In­vestors in Lu­mi­ra Ven­tures IV in­clude Kens­ing­ton Cap­i­tal Part­ners, Fonds de Sol­i­dar­ité FTQ, North­leaf Cap­i­tal Part­ners, Caisse de dépôt et place­ment du Québec, the Busi­ness De­vel­op­ment Bank of Cana­da, Teralys Cap­i­tal, the On­tario Cap­i­tal Growth Cor­po­ra­tion, Roy­al Bank of Cana­da, In­vestisse­ment Québec, Fon­dac­tion, Alexan­dria Ven­ture In­vest­ments, An­geli­ni Phar­ma, Chi­na Grand Phar­ma­ceu­ti­cal and Health­care Hold­ings, Vanci­ty, and Amana Glob­al Part­ners.

“We’ve seen a num­ber of our peers suc­cess­ful­ly raise new funds over the past year,” Brunk said. “Un­for­tu­nate­ly, it took a glob­al health care cri­sis to el­e­vate the val­ue of the in­dus­try, I think, to a lot of folks. But we feel very priv­i­leged to have the new cap­i­tal to back that next set of en­tre­pre­neurs.”

Why it Works: Man­u­fac­tur­ing a Vac­cine in a Mul­ti-Prod­uct Fa­cil­i­ty.

COVID-19 launched the pharmaceutical industry to the frontline in the battle against the fast-spreading global pandemic. The goal: distribute a safe, effective vaccine as quickly as possible. Major players in the vaccine market needed to partner with contract development and manufacturing organizations (CDMOs) to achieve the goal of mass vaccine quantities under expedited timelines. With CDMOs stepping up to play a critical role in the vaccine manufacturing process, multi-product CDMO facilities took the spotlight. Partnerships quickly formed as the race to save lives and fight a pandemic was on.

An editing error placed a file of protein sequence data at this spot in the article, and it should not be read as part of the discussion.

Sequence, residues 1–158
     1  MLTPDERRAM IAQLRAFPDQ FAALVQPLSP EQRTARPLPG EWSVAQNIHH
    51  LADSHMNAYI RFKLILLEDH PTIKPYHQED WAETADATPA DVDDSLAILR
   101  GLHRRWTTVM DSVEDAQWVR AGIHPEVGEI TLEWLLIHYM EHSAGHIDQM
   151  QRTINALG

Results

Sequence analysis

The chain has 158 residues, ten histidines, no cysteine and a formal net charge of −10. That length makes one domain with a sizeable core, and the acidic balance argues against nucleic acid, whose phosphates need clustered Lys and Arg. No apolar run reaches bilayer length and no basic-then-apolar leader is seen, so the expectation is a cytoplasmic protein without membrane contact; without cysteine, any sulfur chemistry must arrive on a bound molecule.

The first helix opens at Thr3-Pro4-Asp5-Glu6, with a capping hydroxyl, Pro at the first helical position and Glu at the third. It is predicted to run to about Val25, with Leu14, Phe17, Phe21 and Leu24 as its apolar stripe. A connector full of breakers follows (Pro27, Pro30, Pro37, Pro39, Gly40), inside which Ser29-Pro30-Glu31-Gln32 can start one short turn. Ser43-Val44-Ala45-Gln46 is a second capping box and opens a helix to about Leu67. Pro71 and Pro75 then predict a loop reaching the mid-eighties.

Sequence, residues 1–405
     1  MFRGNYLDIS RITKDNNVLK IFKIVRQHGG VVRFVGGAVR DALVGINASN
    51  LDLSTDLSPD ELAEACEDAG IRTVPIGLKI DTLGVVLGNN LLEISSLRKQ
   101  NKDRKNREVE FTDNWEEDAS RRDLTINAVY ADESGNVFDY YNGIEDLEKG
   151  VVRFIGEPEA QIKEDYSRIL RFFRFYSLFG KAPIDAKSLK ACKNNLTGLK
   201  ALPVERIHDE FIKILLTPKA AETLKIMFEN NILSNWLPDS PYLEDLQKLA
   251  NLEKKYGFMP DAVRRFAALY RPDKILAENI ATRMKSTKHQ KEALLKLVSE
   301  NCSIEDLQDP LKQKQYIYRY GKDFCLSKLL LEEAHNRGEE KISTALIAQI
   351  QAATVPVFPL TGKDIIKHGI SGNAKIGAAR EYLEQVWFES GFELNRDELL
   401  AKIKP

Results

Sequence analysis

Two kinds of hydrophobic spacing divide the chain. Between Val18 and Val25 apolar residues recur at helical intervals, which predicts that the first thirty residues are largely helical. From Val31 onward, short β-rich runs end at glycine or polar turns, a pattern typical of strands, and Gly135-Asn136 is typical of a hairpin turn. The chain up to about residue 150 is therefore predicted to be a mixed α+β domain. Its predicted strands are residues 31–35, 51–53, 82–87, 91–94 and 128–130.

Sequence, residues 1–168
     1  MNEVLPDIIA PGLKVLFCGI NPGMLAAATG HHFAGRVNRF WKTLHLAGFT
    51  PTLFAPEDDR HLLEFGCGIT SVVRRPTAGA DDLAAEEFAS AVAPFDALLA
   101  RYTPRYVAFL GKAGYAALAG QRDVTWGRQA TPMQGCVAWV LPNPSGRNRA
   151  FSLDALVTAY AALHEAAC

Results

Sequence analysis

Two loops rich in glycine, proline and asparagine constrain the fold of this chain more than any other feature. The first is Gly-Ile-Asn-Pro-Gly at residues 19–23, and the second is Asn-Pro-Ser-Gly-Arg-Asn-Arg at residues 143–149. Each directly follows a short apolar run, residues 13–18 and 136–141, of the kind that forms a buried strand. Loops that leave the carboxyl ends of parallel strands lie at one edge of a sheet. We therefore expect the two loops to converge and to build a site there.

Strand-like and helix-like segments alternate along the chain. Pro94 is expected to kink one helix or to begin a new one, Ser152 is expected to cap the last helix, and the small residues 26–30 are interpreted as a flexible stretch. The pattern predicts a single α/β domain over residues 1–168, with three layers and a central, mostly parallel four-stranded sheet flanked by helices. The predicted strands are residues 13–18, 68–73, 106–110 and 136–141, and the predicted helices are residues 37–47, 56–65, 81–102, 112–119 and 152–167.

Merck CEO Rob Davis

Mer­ck emerges as lead bid­der in po­ten­tial Ac­celeron buy­out with deal pos­si­ble this week — re­port

With rumors swirling about a potential buyout of biotech Acceleron and its lead PAH drug sotatercept, market watchers have been keeping close tabs on industry movers and shakers due up for an expensive bolt-on. According to a new report, it appears Merck may be the one.

Merck is in “advanced talks” on a deal to acquire Cambridge, MA-based Acceleron in what previous reports pegged as a potential $11 billion buyout, the Wall Street Journal reported Monday. A deal could come as early as this week, according to the Journal.

Alexander Lefterov/Endpoints News

The coro­n­avirus vac­cine that the world for­got could still help save it

Back at the beginning of the pandemic — back when we still called the virus “novel” and a single case in Washington state could make headlines — there emerged the story of the coronavirus vaccine that the world forgot.